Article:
Paul Martin announced the replacement of the $2 banknote with a coin in the 1995 federal budget speech.[13] The RCM spent CA$17,400 to canvass 2000 Canadian households about which of the ten theme options they preferred.[13]

Under the direction of Dr. Hieu C. Truong, the RCM engineering division designed the two dollar coin to be made from two different metals. The metals for the bi-metallic coin would be lighter and thinner than those produced anywhere in the world. To join the two parts, the engineering division perfected a bi-mechanic locking mechanism.[14] By the end of 1996, the Winnipeg facility had struck 375 million of these coins.[15] The coin was officially launched at Ben’s Deli in Montreal on February 19, 1996.[14]

The weight of the coin was originally specified as 112.64 grains, equivalent to 7.299 grams.[16]

The community of Campbellford, home to the coin's designer, constructed a 27-foot toonie monument,[17] similar to the "Big Loonie" in Echo Bay and the Big Nickel in Sudbury.

Commemorative editions[edit]

Year Theme Artist Mintage Special Notes
1999 The founding of Nunavut G. Arnaktavyok 25,130,000 Commemorating the founding of Nunavut, featuring an Inuit drummer.
2000 Knowledge/Le Savoir Tony Bianco 29,880,000 Millennium edition, the coin value "2 DOLLARS" appears on the obverse instead of on the reverse. It also features three polar bears.

The issue date of the 2000 coin is on the reverse instead of the obverse side.[18]

2002 The 50th anniversary of Queen Elizabeth's reign Brent Townsend 27,020,000 The issue date reads 1952-2002.
2006 10th anniversary Tony Bianco 35,319,000 Featuring an updated pose of the bear looking up at the dramatic lines of an Aurora Borealis. The first circulation coin to be introduced with the new 'mintmark'.[19]

The issue date reads 1996-2006.[20]

2008 400th anniversary of founding of Quebec City & 1st French settlement in North America. The coin was designed by jeweller Genevieve Bertrand, a Quebec City native. The engraving was done by RCM engraver William Woodruff. 6,000,000 The design of the coin is dominated by a large fleur-de-lis. Other elements include a ship, and lines representing the St. Lawrence River.[21]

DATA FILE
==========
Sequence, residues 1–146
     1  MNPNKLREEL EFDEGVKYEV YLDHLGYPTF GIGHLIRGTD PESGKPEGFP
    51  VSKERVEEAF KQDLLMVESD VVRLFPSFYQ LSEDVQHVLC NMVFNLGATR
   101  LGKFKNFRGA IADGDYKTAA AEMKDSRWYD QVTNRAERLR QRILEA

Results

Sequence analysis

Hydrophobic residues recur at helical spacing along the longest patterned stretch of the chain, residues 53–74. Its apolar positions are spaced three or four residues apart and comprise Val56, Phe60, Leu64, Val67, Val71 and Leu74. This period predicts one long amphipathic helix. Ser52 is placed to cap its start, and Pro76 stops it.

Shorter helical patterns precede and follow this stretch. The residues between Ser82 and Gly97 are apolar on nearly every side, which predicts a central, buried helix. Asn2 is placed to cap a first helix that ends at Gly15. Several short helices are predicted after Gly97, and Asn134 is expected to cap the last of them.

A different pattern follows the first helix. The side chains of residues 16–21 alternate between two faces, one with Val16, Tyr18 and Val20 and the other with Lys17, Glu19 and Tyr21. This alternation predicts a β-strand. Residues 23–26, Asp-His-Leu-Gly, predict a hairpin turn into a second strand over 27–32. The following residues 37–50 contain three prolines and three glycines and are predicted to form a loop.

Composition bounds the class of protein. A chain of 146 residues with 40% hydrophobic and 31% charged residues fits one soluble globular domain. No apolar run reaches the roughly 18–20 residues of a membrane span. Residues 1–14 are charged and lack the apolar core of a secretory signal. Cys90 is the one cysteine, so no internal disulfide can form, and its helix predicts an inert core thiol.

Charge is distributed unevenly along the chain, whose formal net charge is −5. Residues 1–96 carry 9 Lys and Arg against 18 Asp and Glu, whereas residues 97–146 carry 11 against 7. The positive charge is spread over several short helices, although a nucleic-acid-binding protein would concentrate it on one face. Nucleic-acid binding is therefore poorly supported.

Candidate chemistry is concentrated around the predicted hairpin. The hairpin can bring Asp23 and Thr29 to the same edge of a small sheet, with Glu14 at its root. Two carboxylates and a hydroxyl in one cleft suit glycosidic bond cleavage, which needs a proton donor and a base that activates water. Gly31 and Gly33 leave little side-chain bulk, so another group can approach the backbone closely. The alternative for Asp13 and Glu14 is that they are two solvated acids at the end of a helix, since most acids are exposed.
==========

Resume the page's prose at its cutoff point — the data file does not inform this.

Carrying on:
2011 Boreal forest Nolin BBDO Montreal 5,000,000 Celebrates Canada's boreal forest that covers over half of Canada's landmass. Features 3 stylized trees, a bird and a man.[22]


2012 War of 1812: HMS Shannon Bonnie Ross 5,000,000 Part of a series of commemorative issues on the War of 1812. Features a modified reverse with HMS Shannon in the centre core, as well as artwork with "The War of 1812, HMS Shannon" in the outer ring.
2014 Wait for Me Daddy Claude Dettloff TBD Inspired by the iconic photograph known as Wait for Me, Daddy, which was taken on October 1, 1940, in New Westminster, B.C. by photographer Claude Dettloff.[24]
2015 200th anniversary of the birth of Sir John A. Macdonald Glen Green TBD The design features a portrait of Sir John A. Macdonald superimposed on the map of Canada in the center, and in the outer ring are the dates "1815" and "2015".[25]

Specimen set editions[edit]

Year Theme Artist Mintage Issue price
2010 Young lynx Christie Paquet 15,000 $49.95
2011 Baby elk Christie Paquet 15,000 $49.95
2012 Wolf cubs Emily Damstra 15,000 $49.95
2013 Black bear cubs Glen Loates 17,500 $49.95